Postdoc projects related to LATICE

Presentations of Postdoctoral Researchers (PostDoc) and their projects related to the LATICE research group.

Understanding changes in the terrestrial water and energy cycles at high northern latitudes

Yeliz Yilmaz (Affil: Geo)

MODIS satellite image showing the snow cover over Scandinavia on
11 March 2019 (NASA Worldview)

The Arctic amplification phenomenon pertains to the fact that the response to any change in global climate forcing is stronger in the polar region than the planetary average. It is important to understand the underlying and resultant feedback mechanisms due to changes in the surface processes. In this study, our aim is to evaluate the ability of the models in capturing the observed changes in the surface water budget and energy balance. For this purpose, we employ an offline land surface model - CTSM - and a coupled regional climate model - WRF - for simulating the components of energy and water cycles over the Scandinavia region. The performance of the models will be evaluated in comparison to regional and global observational data sets including satellite-based products.


Innovation Post-doctoral Researcher

Olga Silantyeva (Affil: Geo)

Fine Mesh for the Langtang catchment in Nepal, generated with the newly developed tools

I am an Innovation Postdoctoral Researcher in the Section of Physical Geography and Hydrology at the Department of Geosciences. The ultimate goal of my project is to improve snow simulation algo- rithms inside SHyFT software. Shyft is a Statkrafts Hydrological Forecasting Toolbox, which is a rainfall-runoff distributed simulations framework. It is in operational use at Statkraft, so the research is closely connected to the hydropower industry needs. The main drawback of the current version of the software is that it uses mainly conceptual models.

The purpose of my PostDoc is to add physically-based models inside SHyFT. This will allow us to increase scope of the modeling tool, involving more research activities. Our current progress accounts for terrain topography. The new part of the tool allows detailed capture of topography and simulates slope/aspect and shading effects. Radiation flux is a major component of earth’s energy balance. It is the driving factor for various processes withing the earth’s atmosphere and surface. However, the precise measurement of insolation is still subject to errors due to number of effects such as clouds and terrain shading. At regional scale the main issues is the existence and quality of radiation measurements in mountainous areas. The observational errors typically propagate through simulations leading to less accurate predictions of events such as snowmelt. Taking into account terrain topography will help us to more accurately simulate snowpack dynamics.

Among my responsibilities are: developing new physically-based methods with hydrological part of SHyFT, supporting researchers with establishing and analyzing simulations.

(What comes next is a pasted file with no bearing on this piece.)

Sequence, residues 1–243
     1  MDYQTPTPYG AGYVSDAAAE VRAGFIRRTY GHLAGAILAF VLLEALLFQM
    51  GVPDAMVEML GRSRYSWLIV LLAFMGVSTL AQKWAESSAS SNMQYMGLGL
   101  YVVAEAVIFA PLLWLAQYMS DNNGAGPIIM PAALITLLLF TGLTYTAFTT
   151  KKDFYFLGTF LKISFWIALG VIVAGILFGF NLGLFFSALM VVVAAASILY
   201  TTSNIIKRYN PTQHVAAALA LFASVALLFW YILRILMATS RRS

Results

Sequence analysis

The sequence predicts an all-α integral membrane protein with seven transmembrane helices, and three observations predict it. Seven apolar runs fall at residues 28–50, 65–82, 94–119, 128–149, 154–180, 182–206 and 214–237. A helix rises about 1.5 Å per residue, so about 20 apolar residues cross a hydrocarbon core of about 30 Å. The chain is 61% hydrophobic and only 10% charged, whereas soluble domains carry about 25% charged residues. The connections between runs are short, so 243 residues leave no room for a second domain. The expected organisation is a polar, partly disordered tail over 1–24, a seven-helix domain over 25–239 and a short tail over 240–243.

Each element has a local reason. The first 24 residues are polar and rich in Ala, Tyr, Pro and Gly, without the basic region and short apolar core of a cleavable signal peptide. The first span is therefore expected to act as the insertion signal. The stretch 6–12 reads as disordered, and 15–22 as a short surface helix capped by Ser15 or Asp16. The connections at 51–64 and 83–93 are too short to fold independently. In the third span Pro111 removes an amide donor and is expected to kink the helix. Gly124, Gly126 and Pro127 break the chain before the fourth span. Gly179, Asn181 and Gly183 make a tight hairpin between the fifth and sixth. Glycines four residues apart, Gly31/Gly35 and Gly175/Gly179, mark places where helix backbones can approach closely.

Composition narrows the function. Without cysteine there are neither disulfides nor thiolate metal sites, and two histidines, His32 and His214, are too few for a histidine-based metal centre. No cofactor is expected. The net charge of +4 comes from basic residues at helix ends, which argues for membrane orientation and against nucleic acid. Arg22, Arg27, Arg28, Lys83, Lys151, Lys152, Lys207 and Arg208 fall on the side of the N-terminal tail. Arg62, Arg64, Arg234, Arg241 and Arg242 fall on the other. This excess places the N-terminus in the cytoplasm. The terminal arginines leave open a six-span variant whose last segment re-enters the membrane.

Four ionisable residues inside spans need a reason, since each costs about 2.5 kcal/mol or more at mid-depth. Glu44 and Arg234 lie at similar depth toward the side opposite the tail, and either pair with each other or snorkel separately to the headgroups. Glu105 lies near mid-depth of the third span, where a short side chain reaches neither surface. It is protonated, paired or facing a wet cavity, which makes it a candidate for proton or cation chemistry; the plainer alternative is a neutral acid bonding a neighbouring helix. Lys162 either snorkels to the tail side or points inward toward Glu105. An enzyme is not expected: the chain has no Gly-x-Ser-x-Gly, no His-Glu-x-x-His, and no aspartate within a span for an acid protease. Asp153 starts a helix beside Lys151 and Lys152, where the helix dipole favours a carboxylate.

Constructing a climatology of rain-on-snow events for Norway

Pardeep Pall (Affil: Geo)

Climatological pattern of daily rain-on-snow counts, for December (1961-90 average). Constructed using SeNorge data (1 km resolution).

I am a researcher in the Department of Geosciences at the University of Oslo. My research focuses on the interface between meteorology and hydrology via the investigation of rain-on-snow (ROS) events. These events are multivariate phenomena requiring a combination of rain and snowpack, with complex processes occurring on and within the snowpack. Impacts include floods and landslides, and rain may freeze within the snowpack or on bare ground, potentially affecting vegetation, wildlife, and permafrost. ROS events occur mainly in high-latitude and mountainous areas, where sparse observational networks hinder accurate quantification – as does a scale mismatch between coarse (50-100 km) resolution re-analysis products and localised events. To date, I have constructed a climatology of ROS events for the Norwegian mainland, using a high-resolution (1 km) observational dataset, called SeNorge. This shows that the most active ROS signal occurs in high elevation areas in south western Norway, during winter-spring. Furthermore, this activity correlates well with the atmospheric circulation pattern associated with the Arctic Oscillation.


Representing fine-scale processes in the cryosphere in regional climate models

Kjetil S. Aas (Affil: Geo)

Representing fine-scale processes in the cryosphere in regional climate models. Photo: Kjetil S. Aas

I am a postdoc working at Department of Geosciences at the University of Oslo. I have been contributing to LATICE since its formal start in January 2015. My focus is on the coupling between the atmosphere and the cryosphere (glaciers, snow and permafrost). In particular, I am working on how to represent different components of the cryosphere in atmospheric models where small scale variations (< 1 km or larger) needs to be parameterized.